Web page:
A signature slogan of Tammy Baldwin’s campaign is that she is a fighter for the middle class.
Yet her U.S. Senate opponent, Tommy Thompson, claims Baldwin wants to stick it to average folks.
And he uses President Barack Obama to back his attack.
In a Thompson TV ad releasedOct. 8, 2012, the narrator says:
"Baldwin supports a massive middle-class tax increase that President Obama says would be devastating."
Then the ad shows a clip of Obama saying: "If that had come to pass, the average middle-class family would have had to pay an extra $3,000 in taxes next year."
Thompson’s claim starts off on the wrong foot in that he uses the present tense -- "Baldwin supports" a middle-class tax increase. But his campaign told us he was referring to a vote Baldwin cast in December 2010, and it’s clear from the ad that the reference is to a measure Obama commented on.
The vote was on a compromise Obama reached with Congress over taxes. The compromise involved a number of things, including a cut in the employee portion of payroll taxes and an extension of unemployment benefits.
But the big fight was over what to do about tax cuts -- on income, capital gains, dividends and business -- that were about to expire.
Republicans wanted to permanently extend the cuts, adopted under President George W. Bush, for all Americans. Obama and Baldwin were among Democrats who wanted to extend the cuts for most Americans, but let them expire for wealthier people -- individuals making more than $200,000 and joint tax filers making more than $250,000 in adjusted gross income.
That’s a key point -- Baldwin’s aim was to extend the tax cuts for the middle class, not raise taxes on the middle class.
With the compromise, the tax cuts were extended for all Americans, for two years. The measure passed the House, 277-148, with Baldwin voting no. She said giving "a special tax break to those with incomes over $250,000" would have added to the national debt and was fiscally irresponsible.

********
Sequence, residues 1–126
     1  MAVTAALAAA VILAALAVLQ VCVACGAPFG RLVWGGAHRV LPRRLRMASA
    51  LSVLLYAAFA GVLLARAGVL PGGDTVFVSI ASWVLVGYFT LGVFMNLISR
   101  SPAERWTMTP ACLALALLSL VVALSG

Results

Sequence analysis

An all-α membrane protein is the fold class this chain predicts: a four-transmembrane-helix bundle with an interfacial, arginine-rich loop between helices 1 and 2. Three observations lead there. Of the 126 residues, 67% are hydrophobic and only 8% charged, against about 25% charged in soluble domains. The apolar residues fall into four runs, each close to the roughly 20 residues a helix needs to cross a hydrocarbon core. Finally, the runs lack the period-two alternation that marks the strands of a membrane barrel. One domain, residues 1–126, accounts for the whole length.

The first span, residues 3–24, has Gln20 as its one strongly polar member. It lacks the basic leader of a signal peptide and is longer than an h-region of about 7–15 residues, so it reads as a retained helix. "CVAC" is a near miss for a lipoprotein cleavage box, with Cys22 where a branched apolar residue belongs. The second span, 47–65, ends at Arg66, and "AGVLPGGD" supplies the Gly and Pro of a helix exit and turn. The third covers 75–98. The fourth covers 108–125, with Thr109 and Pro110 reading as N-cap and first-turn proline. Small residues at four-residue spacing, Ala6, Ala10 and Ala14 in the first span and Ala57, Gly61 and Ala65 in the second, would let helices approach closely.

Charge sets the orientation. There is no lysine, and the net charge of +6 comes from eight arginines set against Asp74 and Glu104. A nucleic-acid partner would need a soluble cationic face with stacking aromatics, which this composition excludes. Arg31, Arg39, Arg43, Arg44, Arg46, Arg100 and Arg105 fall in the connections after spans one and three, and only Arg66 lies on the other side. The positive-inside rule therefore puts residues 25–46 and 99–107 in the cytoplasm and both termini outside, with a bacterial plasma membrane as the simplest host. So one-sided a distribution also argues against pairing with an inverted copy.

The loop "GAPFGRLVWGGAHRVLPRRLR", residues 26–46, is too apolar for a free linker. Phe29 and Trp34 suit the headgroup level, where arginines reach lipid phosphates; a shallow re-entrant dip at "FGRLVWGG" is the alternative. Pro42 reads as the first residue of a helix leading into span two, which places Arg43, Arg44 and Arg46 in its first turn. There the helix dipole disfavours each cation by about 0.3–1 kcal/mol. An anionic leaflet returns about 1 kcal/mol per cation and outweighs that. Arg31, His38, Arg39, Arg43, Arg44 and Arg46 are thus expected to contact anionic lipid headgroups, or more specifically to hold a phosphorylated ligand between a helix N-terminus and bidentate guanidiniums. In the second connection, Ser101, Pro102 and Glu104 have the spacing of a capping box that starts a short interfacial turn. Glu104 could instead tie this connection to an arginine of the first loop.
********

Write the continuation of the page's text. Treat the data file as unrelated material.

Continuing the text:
As for the Thompson ad’s use of the Obama clip, the president was saying that had all the Bush-era tax cuts been allowed to expire, the average middle-class family would have had to pay an extra $3,000 in taxes in 2011.
Obama may have been rounding up a figure generated by the Deloitte Tax consulting firm. It estimated that letting the tax cuts expire would have meant that atypical family of four with a household income of $50,000 a year would have to pay $2,900 more in taxes in 2011.
So, if Baldwin’s side had succeeded in defeating the compromise, middle-class taxes would have risen about $3,000 -- if no other action had been taken.
On the other hand, Baldwin made it clear she supported extending the tax cuts for middle-class families. A week before the vote on the compromise, she voted for an alternative that would have extended the Bush tax cuts permanently for families earning less than $250,000.
So, in the way Thompson frames the issue, it could be said Baldwin opposes -- or supports -- extending tax cuts for the middle class, depending on which vote you consider.
Baldwin campaign spokesman John Kraus noted that Baldwin voted again in 2012 for a one-year extension of most of the Bush tax cuts for the middle class but not for wealthier people. That measure failed.
Thompson said Baldwin supports a "tax increase that President Obama says" would cost families $3,000 per year.
Thompson falters in making the claim in the present tense when he’s referring to a vote Baldwin took in 2010.
Baldwin did vote no on a law that prevented middle class taxes from increasing by $3,000. But she supported extending tax cuts for the middle class and she voted for a another measure, which failed, that also would have prevented the $3,000 middle-class tax hike.
We rate Thompson’s statement Mostly False.